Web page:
The Music Muse

Disco Times – 4/11/21

The music muse has struck again and I’ve gotten a few of my digital instruments out of storage and set them up in my office on the table right behind my desk. I moved just three instruments out of storage:The Korg Minilogue Polyphonic Analogue Synthesizer, the Korg Electribe Sampler and the Tascam Portastudio 24 Track digital recorder. I bought the Zoom V3 Vocal Processor and set them up as you can see in the above video. The sampler and voice machines are on the right, the Tasam in the middle and the synthesizer on the right. In front of the two KRK monitors. Behind everying, looking over it, the figure of a famous Norwegian god looks over the whole scenario. The figure has been a constant inhabitant of my office bookshelves for years in California and Ohio. Watching over things. Now, the photograph I took of him seems appropriately, overlooking things.

In effect, my declining photography muse and ascending music muse. It has been happening like this almost all my life. The periods of writing and literature and then those of photography or films or those of music. Interests came and went sometimes dependent on the particular art form. But more often than not, independent of the art form and on their own to later be put into form.

The cycles of these various art muses have always been pretty steady in my life. There is always one interest then followed by another interest and then another. A constant cycling and reclycling ov the these art forms. All three, forms of creating.

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It was somewhat interesting that my musical hero McCoy Tyner passed away almost at the beginning of the pandemic, in March of 2020. He has meant much to my life and growth as a person. Perhaps in a small way, as a musician. I first discovered him when I was living in San Francisco and working for one of the largest corporations in the world, working downtown in the Financial District. After law school, I had moved from LA to San Francisco and three years into my job in the huge corporation, I hated it and could hardly keep any concentration on the work as my interest in jazz and music was taking off. I had just discovered the music of McCoy Tyner. It was 1978 and the Tyner album was Inner Voices. It changed my life and set me toward writing and a nightlife while working for the big corporation in the day. I created a publication called the Jazz Newsletter and we had many subscribers around the the Bay Area and beyond. working help start Loft Jazz in San Francisco, producing live recordings of an amazing Russian jazz pianist who had recently moved to Berkeley. I continued to play the piano I always had where I lived. At that time, there was an incredbile used record store in Berkeley called Leopolds. They had an inredible collection of jazz. The best in the Bay Area at ridiculously low prices. Before the digital era, the only way to expose oneself to jazz was by buying LP albums. I bought a lot of them from Leopolds. Between listening to the records, I listened to the Berkely jazz radio station KRE and its line-up of avant-garde jazz before it became it turned corporate and a smooth jazz station.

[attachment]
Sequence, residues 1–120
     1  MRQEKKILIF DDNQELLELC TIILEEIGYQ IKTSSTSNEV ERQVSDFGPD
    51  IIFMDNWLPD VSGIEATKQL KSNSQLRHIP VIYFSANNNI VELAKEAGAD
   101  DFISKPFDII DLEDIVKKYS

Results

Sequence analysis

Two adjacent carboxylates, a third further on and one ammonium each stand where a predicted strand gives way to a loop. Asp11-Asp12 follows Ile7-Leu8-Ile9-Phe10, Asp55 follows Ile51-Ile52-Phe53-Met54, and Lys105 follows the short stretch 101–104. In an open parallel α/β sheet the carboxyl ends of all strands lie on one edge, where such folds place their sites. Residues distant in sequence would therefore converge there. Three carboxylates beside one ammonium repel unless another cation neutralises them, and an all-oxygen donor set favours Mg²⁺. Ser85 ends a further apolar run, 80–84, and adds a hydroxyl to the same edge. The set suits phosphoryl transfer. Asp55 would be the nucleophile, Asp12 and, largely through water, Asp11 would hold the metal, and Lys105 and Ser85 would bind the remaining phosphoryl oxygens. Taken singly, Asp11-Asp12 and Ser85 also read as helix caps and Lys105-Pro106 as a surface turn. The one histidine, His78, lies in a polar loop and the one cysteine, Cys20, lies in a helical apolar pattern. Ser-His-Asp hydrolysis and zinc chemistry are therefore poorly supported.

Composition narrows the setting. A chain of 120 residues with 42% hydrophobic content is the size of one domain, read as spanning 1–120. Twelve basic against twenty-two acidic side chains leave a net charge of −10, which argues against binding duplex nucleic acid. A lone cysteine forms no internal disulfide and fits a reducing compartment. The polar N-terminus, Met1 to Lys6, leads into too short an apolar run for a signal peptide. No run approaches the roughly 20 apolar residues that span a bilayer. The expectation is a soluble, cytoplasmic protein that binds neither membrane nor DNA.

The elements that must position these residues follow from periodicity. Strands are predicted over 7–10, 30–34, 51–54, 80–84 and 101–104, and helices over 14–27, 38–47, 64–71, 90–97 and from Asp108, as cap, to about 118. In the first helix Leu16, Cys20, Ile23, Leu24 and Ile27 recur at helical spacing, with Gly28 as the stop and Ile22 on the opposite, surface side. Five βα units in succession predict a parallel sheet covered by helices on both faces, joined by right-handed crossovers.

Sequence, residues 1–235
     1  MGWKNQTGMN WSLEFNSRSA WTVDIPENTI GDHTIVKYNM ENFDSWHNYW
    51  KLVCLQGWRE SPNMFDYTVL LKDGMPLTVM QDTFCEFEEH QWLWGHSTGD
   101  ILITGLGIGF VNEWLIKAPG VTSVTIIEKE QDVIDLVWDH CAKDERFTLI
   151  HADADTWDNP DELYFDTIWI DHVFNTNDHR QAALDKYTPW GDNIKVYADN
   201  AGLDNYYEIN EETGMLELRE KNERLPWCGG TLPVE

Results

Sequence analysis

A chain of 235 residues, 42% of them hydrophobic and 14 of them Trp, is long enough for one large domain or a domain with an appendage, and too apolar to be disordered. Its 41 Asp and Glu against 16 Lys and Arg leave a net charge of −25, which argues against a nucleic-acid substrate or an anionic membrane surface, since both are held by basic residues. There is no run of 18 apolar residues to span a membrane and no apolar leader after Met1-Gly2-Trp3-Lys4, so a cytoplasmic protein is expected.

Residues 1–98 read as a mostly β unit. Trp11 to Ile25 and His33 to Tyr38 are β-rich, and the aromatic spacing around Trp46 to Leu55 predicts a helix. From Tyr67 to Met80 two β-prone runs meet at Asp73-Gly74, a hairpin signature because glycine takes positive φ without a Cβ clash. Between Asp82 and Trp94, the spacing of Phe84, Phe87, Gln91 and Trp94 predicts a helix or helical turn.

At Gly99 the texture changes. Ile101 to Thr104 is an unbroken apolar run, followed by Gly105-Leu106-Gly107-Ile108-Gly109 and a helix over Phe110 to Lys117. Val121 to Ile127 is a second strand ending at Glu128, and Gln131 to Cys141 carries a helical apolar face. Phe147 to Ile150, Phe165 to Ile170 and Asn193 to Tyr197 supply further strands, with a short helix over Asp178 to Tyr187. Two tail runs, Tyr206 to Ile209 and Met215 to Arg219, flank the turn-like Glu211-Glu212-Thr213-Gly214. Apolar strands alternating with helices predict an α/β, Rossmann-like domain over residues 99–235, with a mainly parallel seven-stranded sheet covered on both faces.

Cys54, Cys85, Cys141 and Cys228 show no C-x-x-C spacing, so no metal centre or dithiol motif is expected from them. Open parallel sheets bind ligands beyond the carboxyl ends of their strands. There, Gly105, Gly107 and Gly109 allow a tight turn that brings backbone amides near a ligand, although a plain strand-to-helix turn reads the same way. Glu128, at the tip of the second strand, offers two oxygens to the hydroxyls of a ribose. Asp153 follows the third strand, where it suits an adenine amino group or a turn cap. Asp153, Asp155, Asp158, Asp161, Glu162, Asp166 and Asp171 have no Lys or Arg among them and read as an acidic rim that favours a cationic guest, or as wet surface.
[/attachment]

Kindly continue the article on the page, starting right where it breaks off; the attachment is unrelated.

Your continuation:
I left the big corporation in 1980, two years after discovering the music of McCoy Tyner. I was already busy writing my biography of John Coltrane – and – listening to the music of McCoy Tyner. The final manuscript I called Spirit Catcher. I was honored the book was awarded the Small Publishers Award for Best Biography. There has been the music of McCoy Tyner I’ve listened to over the years over the forty years I’ve heard it. The Trane and Tyner created might be described as spirirual jazz. It is different from the jazz you hear today. But then, jazz and all music, was different in that period of time. But then again, was it the music or the time? In fact, can the even be separated in the first place?

So, the music aspect of Midnight Oil (Music) Studios, ascends to the position of dominant muse right now. But writing has not exactly gone into the type of storage hibernation of one of my muses it seems. Perhaps somewhat evidenced in this “written” piece acompanying the music and the video.

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The Korg Minilogue Polyphonic Analogue Synthesizer, the Korg Electribe Sampler, the Tascam Portastudio 24 Track digital recorder and the Zoom V3 Vocal Processor were brought out of storage and set up above as you can see in the video. The song was simply thrown together by mixing Beachfront (Program 130) with three voices from the vocal processor and then playing the keys to the Mr. Squelch program with the sequencer turned off. The pitch controller is worked to create the unusual effects in the short experiment. (Sorry about the abrupt ending)

Follow our escapdes towards exporation of the idea of the artist in modern culture. The artist as rare versus the artist everywhere, The artist as creator of content. The artist as conjurer of context.


John Fraim

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